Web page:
The Beatles had it wrong in their hit record, “Love Is All You Need.” Don’t get me wrong, love is absolutely essential in a relationship, but there is strong evidence and data to show that financial stress is the leading cause of divorce in this country. A study done by the University of Utah showed that couples who reported disagreeing about finances once a week were more than 30 percent more likely to get divorced than couples who reported disagreeing about finances a few times a month.
Not only that, but the frequency of financial disagreements is a strong predictor of divorce. I think many of us know or should know this, but when initiating a relationship love causes us to ignore the financial state-of-being of our relationships.
When my wife and I first met, we obviously had no interest in discussing finances. Our priority was to get to know each other as related to our desires, wants and needs of life. Finances were the last thing on our minds. That said, as I got to know her, I learned a bit more about how she views money. When we’d go out to dinner, I would tell her to order something expensive. She always asked if I’m sure it’s okay to spend that much money. I also noticed that she didn’t shop as a hobby or buy new clothes frequently. All of these subtle hints gave me a picture of how she views money.
After we got to know each other better, we began talking about the future, what our career goals were, where we wanted to live, what cars we wanted to drive, and when we wanted to retire. This discussion was more overt in nature and gave me a clearer picture of her money personality.
Because I evaluated her and she evaluated me on a number of factors, including finance, we don’t have many disagreements. Here are a few steps we took to get here.
Share Financial Records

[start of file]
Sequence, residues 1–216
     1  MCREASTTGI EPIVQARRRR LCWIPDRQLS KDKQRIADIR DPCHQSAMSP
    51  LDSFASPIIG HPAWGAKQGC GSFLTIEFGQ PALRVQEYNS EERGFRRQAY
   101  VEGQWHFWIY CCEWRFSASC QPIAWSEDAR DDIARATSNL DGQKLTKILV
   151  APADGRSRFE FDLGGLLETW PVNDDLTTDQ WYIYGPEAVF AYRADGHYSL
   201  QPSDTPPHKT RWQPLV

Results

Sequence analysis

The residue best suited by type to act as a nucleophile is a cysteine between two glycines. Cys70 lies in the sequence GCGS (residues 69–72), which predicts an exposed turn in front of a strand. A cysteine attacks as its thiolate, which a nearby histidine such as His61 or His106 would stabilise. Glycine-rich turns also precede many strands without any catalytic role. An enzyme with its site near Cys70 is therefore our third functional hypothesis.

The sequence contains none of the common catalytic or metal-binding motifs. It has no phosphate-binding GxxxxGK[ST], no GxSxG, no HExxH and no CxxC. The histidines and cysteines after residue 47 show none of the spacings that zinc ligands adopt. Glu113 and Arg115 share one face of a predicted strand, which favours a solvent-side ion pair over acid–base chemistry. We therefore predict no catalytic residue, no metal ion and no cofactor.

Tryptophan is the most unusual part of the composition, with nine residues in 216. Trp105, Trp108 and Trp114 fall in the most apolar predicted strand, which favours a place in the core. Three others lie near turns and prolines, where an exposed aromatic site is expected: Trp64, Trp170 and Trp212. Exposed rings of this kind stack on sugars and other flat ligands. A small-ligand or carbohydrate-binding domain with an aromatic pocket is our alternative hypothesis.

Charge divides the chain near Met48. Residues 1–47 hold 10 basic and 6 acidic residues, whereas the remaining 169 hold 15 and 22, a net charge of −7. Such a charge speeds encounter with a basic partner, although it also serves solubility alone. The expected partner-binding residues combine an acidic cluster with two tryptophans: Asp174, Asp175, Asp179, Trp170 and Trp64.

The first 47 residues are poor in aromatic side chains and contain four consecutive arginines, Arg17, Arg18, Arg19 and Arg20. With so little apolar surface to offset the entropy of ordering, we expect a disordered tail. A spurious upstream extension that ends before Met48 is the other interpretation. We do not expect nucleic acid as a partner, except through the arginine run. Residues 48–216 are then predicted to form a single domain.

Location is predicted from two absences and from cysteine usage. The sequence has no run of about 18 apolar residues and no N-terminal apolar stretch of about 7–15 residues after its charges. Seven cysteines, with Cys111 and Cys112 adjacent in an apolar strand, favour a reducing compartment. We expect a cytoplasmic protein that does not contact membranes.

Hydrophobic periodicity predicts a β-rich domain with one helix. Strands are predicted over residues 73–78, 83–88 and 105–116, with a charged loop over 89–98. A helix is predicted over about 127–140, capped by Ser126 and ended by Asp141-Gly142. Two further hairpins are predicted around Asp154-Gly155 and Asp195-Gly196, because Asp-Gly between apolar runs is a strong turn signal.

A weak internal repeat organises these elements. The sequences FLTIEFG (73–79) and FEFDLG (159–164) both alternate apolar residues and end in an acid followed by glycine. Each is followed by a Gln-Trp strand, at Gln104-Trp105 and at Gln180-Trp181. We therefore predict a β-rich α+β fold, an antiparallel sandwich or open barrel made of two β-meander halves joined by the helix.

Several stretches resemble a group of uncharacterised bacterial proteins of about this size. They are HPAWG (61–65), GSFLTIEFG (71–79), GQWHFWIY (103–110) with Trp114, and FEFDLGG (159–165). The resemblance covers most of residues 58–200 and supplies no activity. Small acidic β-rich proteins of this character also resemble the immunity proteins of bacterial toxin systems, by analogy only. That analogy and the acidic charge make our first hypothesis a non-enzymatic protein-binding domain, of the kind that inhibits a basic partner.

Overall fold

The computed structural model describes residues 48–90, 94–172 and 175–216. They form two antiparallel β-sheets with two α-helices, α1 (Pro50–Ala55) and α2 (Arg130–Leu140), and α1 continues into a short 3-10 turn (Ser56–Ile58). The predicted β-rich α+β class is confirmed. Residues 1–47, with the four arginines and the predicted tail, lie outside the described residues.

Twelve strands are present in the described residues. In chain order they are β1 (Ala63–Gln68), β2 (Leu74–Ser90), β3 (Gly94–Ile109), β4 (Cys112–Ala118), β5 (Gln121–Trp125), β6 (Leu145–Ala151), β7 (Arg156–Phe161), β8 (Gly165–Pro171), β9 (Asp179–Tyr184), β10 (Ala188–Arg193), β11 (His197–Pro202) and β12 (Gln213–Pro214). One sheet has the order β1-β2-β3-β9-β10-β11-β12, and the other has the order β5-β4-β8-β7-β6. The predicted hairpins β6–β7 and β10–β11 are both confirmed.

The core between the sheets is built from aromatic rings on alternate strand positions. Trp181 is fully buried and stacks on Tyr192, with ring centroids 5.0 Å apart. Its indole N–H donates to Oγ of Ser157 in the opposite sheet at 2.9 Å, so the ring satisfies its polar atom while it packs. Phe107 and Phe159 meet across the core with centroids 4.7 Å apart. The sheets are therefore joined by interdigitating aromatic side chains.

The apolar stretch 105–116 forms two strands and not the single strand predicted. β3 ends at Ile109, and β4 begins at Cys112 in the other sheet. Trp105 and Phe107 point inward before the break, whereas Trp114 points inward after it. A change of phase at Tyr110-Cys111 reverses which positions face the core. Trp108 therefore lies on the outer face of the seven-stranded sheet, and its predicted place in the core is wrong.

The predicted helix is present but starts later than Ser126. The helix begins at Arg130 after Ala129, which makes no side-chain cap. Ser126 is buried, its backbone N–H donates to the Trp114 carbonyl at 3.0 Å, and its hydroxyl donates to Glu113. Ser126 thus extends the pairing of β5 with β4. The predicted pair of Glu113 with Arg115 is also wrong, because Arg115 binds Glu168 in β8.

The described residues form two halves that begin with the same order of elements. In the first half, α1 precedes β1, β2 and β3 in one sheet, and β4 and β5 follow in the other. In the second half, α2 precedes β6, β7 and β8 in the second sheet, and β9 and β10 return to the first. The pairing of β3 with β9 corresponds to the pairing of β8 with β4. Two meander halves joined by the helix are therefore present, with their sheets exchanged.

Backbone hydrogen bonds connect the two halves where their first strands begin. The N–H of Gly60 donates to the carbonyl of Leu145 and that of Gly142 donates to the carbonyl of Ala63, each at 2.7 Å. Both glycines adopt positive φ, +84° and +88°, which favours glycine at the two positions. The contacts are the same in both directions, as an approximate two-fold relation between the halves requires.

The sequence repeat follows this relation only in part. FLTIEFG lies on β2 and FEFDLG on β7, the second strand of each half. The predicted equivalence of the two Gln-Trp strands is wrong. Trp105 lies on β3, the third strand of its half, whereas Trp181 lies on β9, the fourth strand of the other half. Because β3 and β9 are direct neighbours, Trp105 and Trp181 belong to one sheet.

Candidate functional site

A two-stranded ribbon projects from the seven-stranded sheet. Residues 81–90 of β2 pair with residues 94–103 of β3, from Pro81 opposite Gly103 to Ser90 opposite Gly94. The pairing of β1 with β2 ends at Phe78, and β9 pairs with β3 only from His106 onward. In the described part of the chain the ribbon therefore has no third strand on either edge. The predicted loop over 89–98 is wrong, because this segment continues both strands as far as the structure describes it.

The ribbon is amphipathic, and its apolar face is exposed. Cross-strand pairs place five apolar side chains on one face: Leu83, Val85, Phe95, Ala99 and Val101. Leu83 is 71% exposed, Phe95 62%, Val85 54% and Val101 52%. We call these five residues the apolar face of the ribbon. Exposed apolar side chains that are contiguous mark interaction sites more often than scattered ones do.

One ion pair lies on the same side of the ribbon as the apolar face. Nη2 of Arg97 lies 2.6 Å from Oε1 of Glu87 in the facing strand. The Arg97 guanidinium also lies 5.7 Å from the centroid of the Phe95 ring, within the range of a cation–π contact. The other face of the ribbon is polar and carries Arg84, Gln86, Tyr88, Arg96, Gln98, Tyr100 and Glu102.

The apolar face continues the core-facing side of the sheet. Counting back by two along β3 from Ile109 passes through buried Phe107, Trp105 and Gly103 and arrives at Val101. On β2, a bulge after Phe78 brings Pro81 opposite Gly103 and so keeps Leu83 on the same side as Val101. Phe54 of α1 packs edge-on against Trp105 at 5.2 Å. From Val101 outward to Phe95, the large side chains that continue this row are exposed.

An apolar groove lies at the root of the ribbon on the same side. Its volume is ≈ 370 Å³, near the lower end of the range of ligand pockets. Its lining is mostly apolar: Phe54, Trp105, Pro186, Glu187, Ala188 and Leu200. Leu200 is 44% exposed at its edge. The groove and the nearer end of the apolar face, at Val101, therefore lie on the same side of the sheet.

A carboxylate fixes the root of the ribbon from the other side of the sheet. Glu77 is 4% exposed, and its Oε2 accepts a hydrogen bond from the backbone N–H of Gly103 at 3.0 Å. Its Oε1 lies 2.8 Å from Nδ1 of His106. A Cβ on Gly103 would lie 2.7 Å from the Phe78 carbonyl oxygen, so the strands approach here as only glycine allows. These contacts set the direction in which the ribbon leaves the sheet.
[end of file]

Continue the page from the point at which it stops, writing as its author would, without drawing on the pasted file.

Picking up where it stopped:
Before we got married, we talked about and shared paperwork finances. We shared information about our assets and, more importantly, what liabilities we bring to the relationship. We both had student loan debt, but she had no assets. I was working at the time, so I had a savings account, retirement accounts and a home.
Discuss Financial Goals
We talked about what is important to each of us as it relates to our financial goals. We talked about when we wanted to retire. We discussed how much we wanted to give to our church and to charity. We talked about the type of home we would eventually buy and when we’d buy it. If we disagreed, we tried to seek some common ground.
Create a Budget Together
After we both got full-time jobs, we sat down and created a budget. We looked at our income and determined how much we wanted to save at the end of the month. We then looked at all of our expenses and determined how our spending should look each month.
Set Aside Fun Money for Each Other
We both knew we wanted to splurge a bit without any hindrances from each other. We agreed on a small amount that we would set aside each month that we could spend on anything our hearts desired. This is probably the most important step because you’ll find no disagreements with any purchases. You can buy what you want!
Be Open, Honest and Transparent
If there is something that is bothering you about your spouse's financial habits, don’t be afraid to bring it up. The worst thing to do is bottle it up inside because it will only lead to an argument down the road.
No relationship is perfect, including mine. However, if you align the financial piece early on in the relationship, you will notice fewer disagreements about finances. It will become automated.
When you get to that point, then maybe love really is all that you need.